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Tuesday, June 5, 2012

Let's Get Physical!

Let's face it, ladies.  After having a baby, your body is less than ideal.  At least in my situation, I still looked six months pregnant after giving birth, and it took a while until I could fit back into normal clothing again (and even now things are still... different).  Despite my jeans fitting without too much discomfort, things just aren't quite the same as before.

But, don't let yourself be discouraged!  Remember, you had nearly ten months for your body to stretch and bend to stash a little baby inside, so you should get at least that time to reacquaint yourself with your new body!  And boy do I have an exercise program for you!  Whether you're a new mom, veteran mom, dad looking to get in better shape, or just someone who wants a healthy workout, stay tuned!

This revolutionary workout was developed while sleep deprived and wishing my body would look exactly the same as when I was in college.  So obviously, it's very faulty and was aimed at unrealistic expectations.  But let's be honest, isn't that what most workout plans do?  While in the never-ending state of dark circles and prayers for a sleeping infant, I created these exercises you can do with your baby.  Don't have a baby?  Use a bag of flour or sugar, or strap down your favorite stuffed animal with a few hand weights.

My Baby Weight


In our household, there are always burp cloths scattered around the living room, kitchen, dining room... pretty much within a few feet of wherever you may be standing.

Simply extend one foot in front of you, bend your knee down into a lunge, scoop up the cloth, and return to a standing position.  It works best while holding your weights (such as your baby), to increase the difficulty of the move.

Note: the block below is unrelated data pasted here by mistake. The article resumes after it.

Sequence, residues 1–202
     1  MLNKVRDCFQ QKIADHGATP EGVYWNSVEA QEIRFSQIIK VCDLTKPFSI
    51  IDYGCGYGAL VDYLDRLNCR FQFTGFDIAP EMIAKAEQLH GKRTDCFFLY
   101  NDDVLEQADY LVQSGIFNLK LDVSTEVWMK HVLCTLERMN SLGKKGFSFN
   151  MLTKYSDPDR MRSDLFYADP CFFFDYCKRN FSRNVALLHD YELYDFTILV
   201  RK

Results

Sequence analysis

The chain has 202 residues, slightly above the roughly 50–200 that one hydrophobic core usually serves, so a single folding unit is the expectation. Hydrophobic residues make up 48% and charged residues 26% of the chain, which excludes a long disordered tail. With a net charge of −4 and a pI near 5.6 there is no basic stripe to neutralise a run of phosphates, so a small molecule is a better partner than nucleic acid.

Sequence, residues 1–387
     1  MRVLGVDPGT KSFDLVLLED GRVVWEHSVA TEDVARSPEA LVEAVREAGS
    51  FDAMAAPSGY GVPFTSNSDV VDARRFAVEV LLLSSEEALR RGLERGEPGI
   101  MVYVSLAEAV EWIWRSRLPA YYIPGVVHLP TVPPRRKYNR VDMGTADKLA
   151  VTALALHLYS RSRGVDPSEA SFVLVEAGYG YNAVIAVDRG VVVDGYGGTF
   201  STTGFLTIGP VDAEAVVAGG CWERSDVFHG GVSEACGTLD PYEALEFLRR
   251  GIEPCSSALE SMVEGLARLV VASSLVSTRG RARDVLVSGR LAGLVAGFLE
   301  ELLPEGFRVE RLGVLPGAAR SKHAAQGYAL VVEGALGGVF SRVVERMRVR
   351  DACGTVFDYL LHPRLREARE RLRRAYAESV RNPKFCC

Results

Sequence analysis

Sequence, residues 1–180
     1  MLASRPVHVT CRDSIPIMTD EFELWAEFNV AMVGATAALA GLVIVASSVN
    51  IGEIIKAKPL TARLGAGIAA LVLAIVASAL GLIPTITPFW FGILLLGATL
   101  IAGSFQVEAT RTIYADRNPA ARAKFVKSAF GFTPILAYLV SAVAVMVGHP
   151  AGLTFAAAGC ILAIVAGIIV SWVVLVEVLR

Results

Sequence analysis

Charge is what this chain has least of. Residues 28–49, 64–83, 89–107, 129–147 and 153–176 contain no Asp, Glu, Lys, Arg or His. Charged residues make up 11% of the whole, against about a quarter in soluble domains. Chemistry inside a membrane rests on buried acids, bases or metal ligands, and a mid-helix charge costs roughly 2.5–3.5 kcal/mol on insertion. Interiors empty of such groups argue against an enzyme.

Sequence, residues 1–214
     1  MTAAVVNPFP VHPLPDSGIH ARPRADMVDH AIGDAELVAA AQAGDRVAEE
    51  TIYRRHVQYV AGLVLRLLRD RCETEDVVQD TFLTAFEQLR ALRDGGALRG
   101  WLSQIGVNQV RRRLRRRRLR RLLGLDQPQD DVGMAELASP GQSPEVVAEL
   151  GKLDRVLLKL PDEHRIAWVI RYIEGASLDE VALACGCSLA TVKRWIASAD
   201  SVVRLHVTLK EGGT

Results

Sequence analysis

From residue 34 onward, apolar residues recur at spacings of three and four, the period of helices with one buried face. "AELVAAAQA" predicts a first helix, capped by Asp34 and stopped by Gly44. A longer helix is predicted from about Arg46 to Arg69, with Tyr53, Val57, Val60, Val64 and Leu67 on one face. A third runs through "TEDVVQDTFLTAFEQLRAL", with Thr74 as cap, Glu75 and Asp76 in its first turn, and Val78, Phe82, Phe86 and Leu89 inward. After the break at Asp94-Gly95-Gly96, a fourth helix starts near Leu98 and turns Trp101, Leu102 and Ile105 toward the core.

Extend to Standing

That familiar juicy burp that turns into a damp shoulder and a puddle on the floor has taught us to always have one (or twelve) on hand.  I use these displaced cloths as a motivational piece, both to build in some much need exercise to my day, and also tidy up the house.


The Airplane is a classic infant/mommy game, though take caution if your baby has just eaten, as the probability of spit-up bombs dropping from the planes increases the closer the airplane is flown to a completed feeding time.  Also, this should not be done with babies whose neck muscles are not yet developed.

Leg Tucks: Lay down on your back with your knees bent at a 90 degree angle.  Place the baby on your shins by straddling their legs around your legs and either hold them at their hands or under their armpits for support.  Slide your legs toward your chest, and then back out.  Be sure to keep your legs parallel to the floor to keep baby in a similar placement throughout the movement.
90 Degree Legs

Arm Presses: Lay down on your back with your legs bent at the knees and your feet planted on the floor.  While holding your baby parallel to your chest, lift them up and down by extending your arms up into the air, and then bring the baby back down to your chest.



This move is horrible for your back, but it seems to be a favorite of Quincy's.

Momma Swing in Action!
 Begin with your weight cradled in your hands; baby's legs will straddle your right hand (you kinda clutch their bottom), and your left hand will cradle their neck/head.  Bend slightly at the waist, look down at your baby, and extend your arms out to the right.  In an arc like motion, dip the baby down and back up to the left, then swing back in the same arc path to the right.
and ...


This has been a go-to technique for a slightly fussy baby, though it hasn't helped with a hungry, really fussy or exhausted baby.

Baby Pull-Up in Action!
Using the down position of the Momma Swing, pull your weight from the extended position (baby near the floor) up close to your face by bending at the elbows.

Down/Extended Position
Up/Contracted Position


I have no medical backing or training to know what is good for one's body or overall health.  Please do these exercises with great caution and exercise at your own risk.  This post is clearly for entertainment purposes only, though seeking ways of getting exercise while going about your daily routine can be helpful, as long as you are healthy enough for exercise and don't do anything foolish.  Moving a baby too quickly and jostling their heads without their necks fully supporting the movement can lead to Shaken Baby Syndrome.  Also, all movements should be accompanied with ridiculous noises from the parent such as "HUH!", "BOO!", or "YAH!" to increase baby's enjoyment.

Keep up the good work!


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